What are we funding through our Innovation Fund?

 

The Vodafone Foundation Innovation Fund has been set up to support innovative work that aims to create better outcomes for our most excluded and disadvantaged youth.

We are looking for proven or promising ideas, projects and programmes that align with our strategy, generate outcomes in one or more of our five keys areas, and that utilise technology in their implementation or dissemination.

We thought we’d share a few examples of the projects we’re funding, so potential applicants have a better idea of what we’re looking for.

 

In our most recent round, in early 2018, we funded the following projects. These are just short descriptions of the projects, for more detail we’d recommend contacting our amazing community partners directly.

 

At our seed funding level (up to $10,000 to scope out a project, or test it’s feasibility) we’re funding:

  • MYRIVR Trust. Building from the success of their MYRIVR app (a free nationwide app that provides a location-based database of community health and social services), we’re funding this awesome team to engage with young people to co-design a potential ‘Youth Voices Portal’ or ‘Virtual Youth Council’.
  • Vibe (Hutt based Youth One Stop Shop), in collaboration with Spyre. We’re funding Vibe to conduct a feasibility study of a business model and app that provides a means of support for a young person to achieve their goals by way of reminders, communication with key support people, and an incentives system. The funding will also be used to support the next steps in the development of the Spyre mobile application and website.
  • Christchurch Early Intervention Trust. This amazing group are developing an early intervention smart-phone based app to deliver training in managing challenging behaviour in children to parents, teachers, social workers and others. Our funding will be used to develop the first batch of materials; scope the feasibility of delivery by smart phone to parents, teachers and others; and begin to test the market for this service with parents.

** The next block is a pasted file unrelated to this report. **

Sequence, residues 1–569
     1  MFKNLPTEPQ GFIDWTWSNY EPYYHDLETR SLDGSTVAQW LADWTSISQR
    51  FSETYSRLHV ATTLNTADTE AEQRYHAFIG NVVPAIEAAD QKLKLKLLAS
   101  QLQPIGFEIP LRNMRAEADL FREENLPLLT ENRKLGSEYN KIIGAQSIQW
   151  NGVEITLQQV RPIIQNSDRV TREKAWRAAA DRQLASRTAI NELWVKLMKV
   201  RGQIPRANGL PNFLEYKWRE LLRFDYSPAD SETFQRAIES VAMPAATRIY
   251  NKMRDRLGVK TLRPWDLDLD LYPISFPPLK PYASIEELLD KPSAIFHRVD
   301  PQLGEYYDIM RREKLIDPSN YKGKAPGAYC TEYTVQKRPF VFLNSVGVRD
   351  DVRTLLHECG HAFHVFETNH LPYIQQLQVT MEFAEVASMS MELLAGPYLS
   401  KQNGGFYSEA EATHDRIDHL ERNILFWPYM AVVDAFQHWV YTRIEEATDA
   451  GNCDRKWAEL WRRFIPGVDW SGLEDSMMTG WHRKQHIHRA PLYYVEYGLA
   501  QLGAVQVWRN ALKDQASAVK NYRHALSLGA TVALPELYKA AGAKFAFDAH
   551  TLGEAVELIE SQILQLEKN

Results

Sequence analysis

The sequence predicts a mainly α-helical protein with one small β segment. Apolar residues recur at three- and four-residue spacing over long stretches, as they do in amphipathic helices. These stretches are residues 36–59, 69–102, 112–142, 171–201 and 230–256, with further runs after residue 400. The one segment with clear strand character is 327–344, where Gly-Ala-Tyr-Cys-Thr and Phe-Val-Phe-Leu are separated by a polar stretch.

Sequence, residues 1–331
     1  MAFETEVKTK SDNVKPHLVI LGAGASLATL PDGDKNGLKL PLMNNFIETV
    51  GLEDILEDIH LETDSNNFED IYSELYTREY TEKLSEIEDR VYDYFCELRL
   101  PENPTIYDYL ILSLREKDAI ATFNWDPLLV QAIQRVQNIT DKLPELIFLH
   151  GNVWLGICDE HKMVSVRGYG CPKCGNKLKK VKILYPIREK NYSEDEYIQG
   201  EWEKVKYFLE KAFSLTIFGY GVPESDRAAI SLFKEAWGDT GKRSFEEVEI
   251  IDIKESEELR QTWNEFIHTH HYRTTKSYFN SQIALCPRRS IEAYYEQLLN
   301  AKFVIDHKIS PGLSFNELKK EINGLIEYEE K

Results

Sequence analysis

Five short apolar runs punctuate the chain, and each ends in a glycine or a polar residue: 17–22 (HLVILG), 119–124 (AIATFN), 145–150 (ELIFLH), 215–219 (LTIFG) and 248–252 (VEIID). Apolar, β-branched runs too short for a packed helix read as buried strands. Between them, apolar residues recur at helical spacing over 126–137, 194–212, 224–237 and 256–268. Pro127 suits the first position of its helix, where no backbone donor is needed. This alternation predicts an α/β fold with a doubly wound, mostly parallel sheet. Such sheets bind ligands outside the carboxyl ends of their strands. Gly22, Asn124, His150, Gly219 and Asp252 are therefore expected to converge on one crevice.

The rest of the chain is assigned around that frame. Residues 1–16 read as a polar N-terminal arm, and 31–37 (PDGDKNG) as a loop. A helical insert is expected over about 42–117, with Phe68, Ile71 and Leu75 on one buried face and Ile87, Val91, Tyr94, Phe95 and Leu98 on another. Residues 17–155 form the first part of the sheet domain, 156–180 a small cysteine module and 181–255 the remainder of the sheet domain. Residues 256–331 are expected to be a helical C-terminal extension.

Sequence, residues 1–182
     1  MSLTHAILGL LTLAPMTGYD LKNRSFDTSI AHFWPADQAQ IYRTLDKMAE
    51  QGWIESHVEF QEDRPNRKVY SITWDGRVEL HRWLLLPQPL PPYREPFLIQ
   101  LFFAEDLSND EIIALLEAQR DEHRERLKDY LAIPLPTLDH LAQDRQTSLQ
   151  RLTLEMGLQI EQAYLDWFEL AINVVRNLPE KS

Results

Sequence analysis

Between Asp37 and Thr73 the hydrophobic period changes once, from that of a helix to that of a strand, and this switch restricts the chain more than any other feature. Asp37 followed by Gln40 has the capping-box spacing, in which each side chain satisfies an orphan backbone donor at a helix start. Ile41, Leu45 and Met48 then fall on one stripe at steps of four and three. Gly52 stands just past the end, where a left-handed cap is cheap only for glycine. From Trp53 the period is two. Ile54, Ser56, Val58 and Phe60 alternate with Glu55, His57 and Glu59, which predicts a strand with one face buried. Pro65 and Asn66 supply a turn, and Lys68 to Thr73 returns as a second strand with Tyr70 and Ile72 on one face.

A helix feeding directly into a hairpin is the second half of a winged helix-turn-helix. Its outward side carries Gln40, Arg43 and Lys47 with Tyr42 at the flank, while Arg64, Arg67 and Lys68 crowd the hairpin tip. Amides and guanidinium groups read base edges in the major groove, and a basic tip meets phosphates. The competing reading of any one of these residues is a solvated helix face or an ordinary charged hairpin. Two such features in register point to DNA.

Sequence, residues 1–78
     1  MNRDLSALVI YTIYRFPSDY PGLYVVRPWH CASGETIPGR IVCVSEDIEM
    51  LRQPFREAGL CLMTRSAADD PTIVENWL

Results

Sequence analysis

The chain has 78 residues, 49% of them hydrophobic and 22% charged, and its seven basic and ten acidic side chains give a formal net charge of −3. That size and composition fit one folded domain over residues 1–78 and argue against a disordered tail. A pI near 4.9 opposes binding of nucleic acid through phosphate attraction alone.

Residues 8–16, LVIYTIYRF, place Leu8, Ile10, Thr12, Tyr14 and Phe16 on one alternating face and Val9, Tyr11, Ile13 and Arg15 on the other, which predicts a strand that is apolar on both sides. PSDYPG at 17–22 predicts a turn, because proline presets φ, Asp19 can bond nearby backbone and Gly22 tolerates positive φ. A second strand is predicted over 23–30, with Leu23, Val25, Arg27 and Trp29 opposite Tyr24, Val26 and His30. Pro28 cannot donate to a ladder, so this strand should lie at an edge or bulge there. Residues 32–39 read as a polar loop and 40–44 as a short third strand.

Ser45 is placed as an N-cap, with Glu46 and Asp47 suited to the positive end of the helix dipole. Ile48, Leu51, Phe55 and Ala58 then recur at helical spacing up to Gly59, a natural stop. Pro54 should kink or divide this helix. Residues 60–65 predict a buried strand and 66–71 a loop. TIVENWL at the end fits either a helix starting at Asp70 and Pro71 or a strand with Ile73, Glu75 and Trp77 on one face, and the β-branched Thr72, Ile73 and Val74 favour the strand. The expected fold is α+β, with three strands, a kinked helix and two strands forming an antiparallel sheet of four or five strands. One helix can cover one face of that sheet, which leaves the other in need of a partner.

At our pilot funding level (up to $50,000 to pilot an innovative idea) we’re funding:

  • Maoriland Charitable Trust. We’re providing funding support for the establishment of M.A.T.C.H – The Maoriland Tech Creative Hub at the Maoriland Hub in Otaki. Through M.A.T.C.H, Otaki based rangatahi will have access to mentors, workshops, hackathons, creative challenges and creative free-play in a youth centred space. With a focus on rangatahi Maori, this project will help prepare young people for the future of work.
  • Youthline Central South Island. We renewed pilot funding for this group to continue to test and develop a digital mentoring programme. In their programme young skilled mentors connect with disadvantaged and excluded young people through the use of mobile phones and existing smart phone applications. Mentors receive mentoring training to support them in their new digital role, and greater geographic reach is enabled through the programme.
  • Tokona te Raki Maori Futures Collective. Tokona te Raki have developed an online data tool using predictive analytics to show where Maori are in the workforce, where jobs will be in the future, and to map the vocational pathways to take rangatahi to the meaningful jobs for the future. This project is to enable a rangatahi co-design process and the digital development of a careers tool based on this data.
  • Tāmaki Community Development Trust. The Tamaki Youth Wellbeing Project will see eight ideas, put forward by the community, move into their second testing phase. These eight ideas aim to grow youth wellbeing, and reduce the high numbers of youth suicides in the Tamaki community.
  • Rotorua Community Youth Centre. This project will enable customisation of an innovative IT digital platform for connecting and exchanging information between a young person and the agencies and community organisations that are supporting them to achieve their positive goals. The platform will include the development of a common framework to allow youth services and organisations to support rangatahi collectively and consistently.

 

We have also got a few projects underway at our scale funding level, but this round we are not opening the scale funding for public applications.

We’re really excited to have begun our funding relationship with each of these groups, and look forward to receiving more applications in our upcoming round.

 

Helen Anderson

Grants Lead, Vodafone New Zealand Foundation